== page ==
India: UNODC initiative focuses on empowering families to protect young people from drugs and crime

Guwahati, Assam/23 February 2024: Research has consistently underscored the pivotal role of families in either safeguarding or endangering the development of children and adolescents. Understanding this, focusing on family skills emerges as a critical strategy in preventing young individuals from falling into drug abuse, criminal activities, and vulnerability to HIV/AIDS.

In this direction, UNODC, along with the Ministry of Social Justice and Empowerment (MSJE), Government of India and the Departments of Social Justice in Assam and Manipur, conducted a three-day training for 39 government representatives, social workers, teachers, psychologists, and community leaders from Assam and Manipur. The training equipped participants with knowledge and skills to effectively empower families and protect young people from the dangers of drugs and crime.

Mr. Ali Yassine, UNODC's lead trainer for the Prevention, Treatment, Rehabilitation, and Social Reintegration (PTRS) program, spearheaded the training sessions. His expertise and guidance laid the foundation for a comprehensive understanding of the role families play in the prevention of drug use among children and adolescents.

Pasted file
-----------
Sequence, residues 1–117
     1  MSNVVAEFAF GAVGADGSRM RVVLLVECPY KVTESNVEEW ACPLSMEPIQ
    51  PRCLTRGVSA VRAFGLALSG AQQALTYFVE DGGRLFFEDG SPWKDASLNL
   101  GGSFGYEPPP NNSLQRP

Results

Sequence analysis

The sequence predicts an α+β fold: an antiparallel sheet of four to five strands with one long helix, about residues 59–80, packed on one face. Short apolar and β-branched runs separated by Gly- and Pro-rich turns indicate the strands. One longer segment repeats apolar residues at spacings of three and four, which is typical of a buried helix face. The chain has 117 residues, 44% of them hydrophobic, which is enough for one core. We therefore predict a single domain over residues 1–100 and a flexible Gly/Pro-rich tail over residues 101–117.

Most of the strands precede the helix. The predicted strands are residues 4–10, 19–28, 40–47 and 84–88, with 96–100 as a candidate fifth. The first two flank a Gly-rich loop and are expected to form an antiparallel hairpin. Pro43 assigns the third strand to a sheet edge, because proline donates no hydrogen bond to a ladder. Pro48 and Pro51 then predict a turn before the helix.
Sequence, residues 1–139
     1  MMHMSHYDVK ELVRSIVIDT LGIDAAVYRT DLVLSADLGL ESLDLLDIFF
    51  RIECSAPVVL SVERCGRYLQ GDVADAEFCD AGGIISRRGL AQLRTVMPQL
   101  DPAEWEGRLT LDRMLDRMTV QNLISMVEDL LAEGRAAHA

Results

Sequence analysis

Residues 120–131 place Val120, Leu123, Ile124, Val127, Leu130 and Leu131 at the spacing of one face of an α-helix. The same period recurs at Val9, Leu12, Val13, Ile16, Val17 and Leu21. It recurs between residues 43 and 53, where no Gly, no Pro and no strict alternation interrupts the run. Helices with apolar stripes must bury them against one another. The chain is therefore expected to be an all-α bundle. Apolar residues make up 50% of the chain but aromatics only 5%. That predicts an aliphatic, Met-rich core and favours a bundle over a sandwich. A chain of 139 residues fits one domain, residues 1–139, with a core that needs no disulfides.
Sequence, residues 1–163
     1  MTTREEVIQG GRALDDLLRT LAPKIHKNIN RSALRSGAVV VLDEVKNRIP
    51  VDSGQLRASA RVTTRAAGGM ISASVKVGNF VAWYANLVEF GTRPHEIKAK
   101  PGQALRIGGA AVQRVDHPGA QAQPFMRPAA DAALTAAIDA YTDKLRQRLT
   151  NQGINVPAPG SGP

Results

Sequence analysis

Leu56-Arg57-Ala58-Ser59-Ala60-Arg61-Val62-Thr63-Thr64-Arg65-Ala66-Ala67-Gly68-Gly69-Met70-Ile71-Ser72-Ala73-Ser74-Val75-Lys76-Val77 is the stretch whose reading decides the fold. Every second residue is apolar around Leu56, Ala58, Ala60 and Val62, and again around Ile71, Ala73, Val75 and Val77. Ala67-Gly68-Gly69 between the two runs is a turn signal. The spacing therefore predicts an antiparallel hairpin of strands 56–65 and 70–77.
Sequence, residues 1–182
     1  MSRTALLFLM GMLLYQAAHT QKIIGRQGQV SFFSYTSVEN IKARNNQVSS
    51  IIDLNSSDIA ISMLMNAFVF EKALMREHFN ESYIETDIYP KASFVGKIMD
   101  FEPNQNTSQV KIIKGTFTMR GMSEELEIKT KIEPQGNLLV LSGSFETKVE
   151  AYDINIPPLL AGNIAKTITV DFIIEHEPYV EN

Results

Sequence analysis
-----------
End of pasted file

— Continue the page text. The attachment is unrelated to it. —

Through interactive workshops and discussions, participants delved into the dynamics of family structures, the impact of positive and negative parenting styles, and the ways in which families can act as both protective shields and risk factors.

Ms. Radhika Chakrabarty, Joint Secretary of the Ministry of Social Justice and Empowerment, Government of India emphasized the pivotal role of families in drug prevention from early childhood. She highlighted how families can serve as a protective factor, shielding young individuals from the dangers of substance abuse. Conversely, negative parenting styles and stressful family environments can lead adolescents down a path of drug use and vulnerability. This recognition of the family's central role in prevention is a cornerstone of the program's approach.

Mr. Virendra Mittal, Commissioner and Secretary of the Assam Social Justice Department, along with UNODC South Asia's Criminal Justice Expert Ms. Seema Joshi Arya, shared invaluable insights during the training sessions. Their contributions shed light on the local context, challenges faced by families, and practical strategies to strengthen family skills in preventing drug abuse and associated risks.

Evidence-based parenting and family skills training programmes have been found to be highly effective in preventing negative social outcomes including substance use among children and adolescents.

These programmes offer skill-building for parents on monitoring and supervision of children's activities, communication as well as setting age-appropriate limits. These programmes improve family functioning and bonding, organization, communication and interpersonal relationships.

The activity contributed to SDG 3, SDG 5, SDG 16 and SDG 17: